The fantasy anthology series returns, allowing more artists to play in David Petersen’s world of noble mouse warriors.
Characters sharing stories in a tavern is a format that has been used to great effect by many authors, most notably Geoffrey Chaucer in his Canterbury Tales. This time-tested set-up is once again utilized in the world of Mouse Guard, David Petersen’s medieval fantasy of miniature guardians and vicious predators. The goal is not exactly noble – these revelers hope to erase their debt to the tavern-keep – but the result is truly captivating.
The first of these stories is “Autumn Tale” by Stan Sakai (creator of the critically acclaimed Usagi Yojimbo). Sakai’s style is considerably brighter and more cartoon-like than Petersen’s in the frame story that sets the scene. This is at first jarring but allowing other creators to put their stamp on this setting is the purpose of the Legends of the Guard series. Regardless of the artistic culture shock, Sakai is always a master storyteller. His tale pits a Guardmouse against two predators, a vixen and a falcon, with surprising results, for one of them has an agenda of his own. Sakai renders an impressive range of facial expressions in his non-human characters and adds several clever details to a mouse couple’s home (I particularly liked the pet ladybug playing with a ball of string).
The highlight of the issue, at least for this reviewer, was the second story, “Leviathan.” Written by Nick Tapalansky and illustrated by Alex Eckman-Lawn, this tale best captures the mythic feel and sense of wonder in Petersen’s Mouse Guard. It details an adventure of Tiernan the Brave, a legendary mouse hero. Thrown from the back of his seagull ally, Tiernan plunges into the sea and faces its perils. He also discovers that the Mouse Guard is not alone in its stewardship and protection of this world. Tapalanksy’s script is full of enchanting fairy tale details and Eckman-Lawn’s fine linework and rich colors captivate the eye.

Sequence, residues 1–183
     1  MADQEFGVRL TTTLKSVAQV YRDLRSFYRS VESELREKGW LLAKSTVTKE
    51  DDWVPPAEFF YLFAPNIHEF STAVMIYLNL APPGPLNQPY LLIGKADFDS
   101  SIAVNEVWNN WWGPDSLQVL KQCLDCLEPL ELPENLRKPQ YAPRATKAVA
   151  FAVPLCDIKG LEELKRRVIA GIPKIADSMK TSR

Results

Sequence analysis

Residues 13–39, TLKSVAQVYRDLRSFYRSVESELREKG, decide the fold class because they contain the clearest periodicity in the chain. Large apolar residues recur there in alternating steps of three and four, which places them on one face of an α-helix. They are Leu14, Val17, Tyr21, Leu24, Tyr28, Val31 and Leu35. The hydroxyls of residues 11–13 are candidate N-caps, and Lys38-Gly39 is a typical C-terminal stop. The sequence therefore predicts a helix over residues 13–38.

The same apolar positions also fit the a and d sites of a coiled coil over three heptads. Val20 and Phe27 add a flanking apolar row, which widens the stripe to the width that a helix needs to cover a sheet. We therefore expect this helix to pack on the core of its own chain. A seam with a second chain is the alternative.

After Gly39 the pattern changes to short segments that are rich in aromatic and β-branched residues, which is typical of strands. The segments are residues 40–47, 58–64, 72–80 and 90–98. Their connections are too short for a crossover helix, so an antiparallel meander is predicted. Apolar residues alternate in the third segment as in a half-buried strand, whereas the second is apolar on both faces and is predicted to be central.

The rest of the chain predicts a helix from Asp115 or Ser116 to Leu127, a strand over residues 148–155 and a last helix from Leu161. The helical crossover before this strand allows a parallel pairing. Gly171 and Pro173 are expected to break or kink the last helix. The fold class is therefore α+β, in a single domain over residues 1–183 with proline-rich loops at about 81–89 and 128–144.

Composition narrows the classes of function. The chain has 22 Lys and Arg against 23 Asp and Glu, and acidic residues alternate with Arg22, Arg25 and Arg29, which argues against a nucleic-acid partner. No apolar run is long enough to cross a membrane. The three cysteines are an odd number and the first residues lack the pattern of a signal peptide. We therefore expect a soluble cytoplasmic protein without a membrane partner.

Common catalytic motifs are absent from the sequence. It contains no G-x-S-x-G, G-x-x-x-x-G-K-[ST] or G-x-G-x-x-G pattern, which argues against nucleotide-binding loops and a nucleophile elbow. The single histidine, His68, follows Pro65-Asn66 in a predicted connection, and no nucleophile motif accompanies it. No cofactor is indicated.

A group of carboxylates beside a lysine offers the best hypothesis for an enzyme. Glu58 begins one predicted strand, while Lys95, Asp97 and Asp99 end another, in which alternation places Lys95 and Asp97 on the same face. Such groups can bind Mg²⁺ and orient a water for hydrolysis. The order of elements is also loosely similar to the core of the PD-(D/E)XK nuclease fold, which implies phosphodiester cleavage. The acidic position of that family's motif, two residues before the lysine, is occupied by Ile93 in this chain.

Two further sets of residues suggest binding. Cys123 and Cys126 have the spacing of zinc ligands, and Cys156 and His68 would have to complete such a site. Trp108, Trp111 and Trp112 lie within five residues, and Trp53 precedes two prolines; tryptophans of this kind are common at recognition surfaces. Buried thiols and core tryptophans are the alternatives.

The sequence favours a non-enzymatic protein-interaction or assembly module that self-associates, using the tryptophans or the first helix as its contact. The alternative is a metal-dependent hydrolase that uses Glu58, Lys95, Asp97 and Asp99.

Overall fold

The third story in this issue is Ben Caldwell’s “A Bone to Pick.” Eschewing the seasoned Guardmouse characters, Caldwell instead focuses on Lily and Pearl, a pair of young sisters. When they stumble upon a weasel and a fox preparing to attack a mouse village, the children must find a way to outwit the ruffians. Caldwell employs stylized characters and a slightly psychedelic color scheme in his tale, giving it the look of a dream sequence in a classic Disney or Don Bluth animated film. The result is very charming, though one anachronistic joke breaks the spell of the medieval setting.
Overall, the second volume of Legends of the Guard looks to be as entertaining as the first, giving many varied comics creators a chance to explore this world in their own unique styles.
David Petersen, Stan Sakai, Nick Tapalansky, Ben Caldwell (W), David Petersen, Stan Sakai, Alex Eckman-Lawn, Ben Caldwell (A), • Archaia Entertainment, $3.50, Released June 26, 2013.